Scroll Top

Cryan Bill to Expand Union County Anti-Gang Program Statewide Approved by Assembly

Bill Would Boost Christopher’s Program Throughout New Jersey
Program Named After Young Man Tortured and Killed by Gang Members

(TRENTON) – Legislation Assembly Democrat Joe Cryan sponsored to give judges the option of ordering youth to undergo instruction in preventing gang and youth violence was approved Thursday by the Assembly as part of the Democratic initiative targeting guns violence and crime.
The bill (A-2692) would emulate Union County’s Christopher’s Program, which is a cooperative effort between the Superior Court, the Union County Probation Department and the Union County Human Services Department.
“This program works, so let’s expand it statewide to save taxpayer’s money, but most importantly, save lives,” said Cryan (D-Union). “We can either keep tossing young people into jail without guidance, or we can take sensible steps to rebuild lives and provide better futures. This is a smart idea, both fiscally and socially, as we try to find ways to reduce crime and violence.”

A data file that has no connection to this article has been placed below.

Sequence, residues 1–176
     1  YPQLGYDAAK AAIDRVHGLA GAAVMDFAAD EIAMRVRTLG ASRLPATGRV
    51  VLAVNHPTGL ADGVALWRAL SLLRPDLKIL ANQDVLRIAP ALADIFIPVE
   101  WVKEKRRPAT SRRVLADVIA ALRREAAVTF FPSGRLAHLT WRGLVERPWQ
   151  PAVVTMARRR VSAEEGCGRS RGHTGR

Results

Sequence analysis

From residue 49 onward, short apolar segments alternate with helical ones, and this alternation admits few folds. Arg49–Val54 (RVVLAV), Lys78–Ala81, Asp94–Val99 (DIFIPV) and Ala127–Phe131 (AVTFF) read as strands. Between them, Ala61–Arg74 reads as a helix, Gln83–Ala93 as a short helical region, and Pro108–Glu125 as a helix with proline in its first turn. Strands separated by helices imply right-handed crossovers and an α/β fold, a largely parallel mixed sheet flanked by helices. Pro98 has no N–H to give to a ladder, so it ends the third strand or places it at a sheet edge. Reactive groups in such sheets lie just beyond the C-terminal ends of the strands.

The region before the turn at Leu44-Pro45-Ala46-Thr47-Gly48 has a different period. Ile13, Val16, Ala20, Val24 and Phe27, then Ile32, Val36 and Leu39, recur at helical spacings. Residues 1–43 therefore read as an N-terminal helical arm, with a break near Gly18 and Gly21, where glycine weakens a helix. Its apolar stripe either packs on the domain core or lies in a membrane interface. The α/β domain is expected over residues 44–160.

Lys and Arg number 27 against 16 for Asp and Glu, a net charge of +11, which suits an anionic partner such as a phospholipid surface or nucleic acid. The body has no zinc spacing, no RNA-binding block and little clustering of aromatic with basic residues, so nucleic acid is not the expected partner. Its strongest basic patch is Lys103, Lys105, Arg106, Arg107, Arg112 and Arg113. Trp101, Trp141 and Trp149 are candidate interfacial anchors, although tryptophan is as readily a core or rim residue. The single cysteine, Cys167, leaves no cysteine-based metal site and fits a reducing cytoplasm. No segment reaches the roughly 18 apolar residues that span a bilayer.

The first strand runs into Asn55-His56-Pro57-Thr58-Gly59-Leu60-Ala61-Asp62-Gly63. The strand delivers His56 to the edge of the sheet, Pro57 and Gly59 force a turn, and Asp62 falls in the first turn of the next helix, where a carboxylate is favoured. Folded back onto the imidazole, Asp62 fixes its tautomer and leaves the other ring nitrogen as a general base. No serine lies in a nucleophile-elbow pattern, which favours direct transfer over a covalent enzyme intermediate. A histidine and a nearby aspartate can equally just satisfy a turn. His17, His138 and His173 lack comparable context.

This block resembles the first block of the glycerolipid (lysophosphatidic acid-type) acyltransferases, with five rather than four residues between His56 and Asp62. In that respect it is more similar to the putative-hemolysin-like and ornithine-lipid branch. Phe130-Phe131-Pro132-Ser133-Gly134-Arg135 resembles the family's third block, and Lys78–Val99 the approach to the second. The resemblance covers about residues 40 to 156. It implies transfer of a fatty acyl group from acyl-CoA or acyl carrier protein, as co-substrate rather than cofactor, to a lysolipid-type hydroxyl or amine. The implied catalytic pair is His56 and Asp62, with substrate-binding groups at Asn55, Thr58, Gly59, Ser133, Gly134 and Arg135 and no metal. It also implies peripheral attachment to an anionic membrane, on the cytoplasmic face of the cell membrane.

Under the program, juveniles receive interactive instruction in gang and youth violence prevention and in ways to avoid gang involvement. Speakers with particular education, training, or expertise in gangs and youth violence prevention are scheduled during six-week sessions. These speakers are chosen by the probation department and are approved by the governing body.
Juveniles are eligible for participation in Christopher’s Program if they are between 13 and 17 years old, have a history of gang involvement or are assessed as being at risk of gang involvement by the court and are sentenced to the county juvenile detention center, probation, or home confinement.
Under Christopher’s Program, eligible juveniles are required to complete at least 12 hours of class time during a consecutive six-week session.
This bill, as well Christopher’s Program, is named in honor of Christopher Booker, who was brutally tortured by gang members and left to die alone in a vacant field in Newark.
The bill now goes to the Senate for more consideration.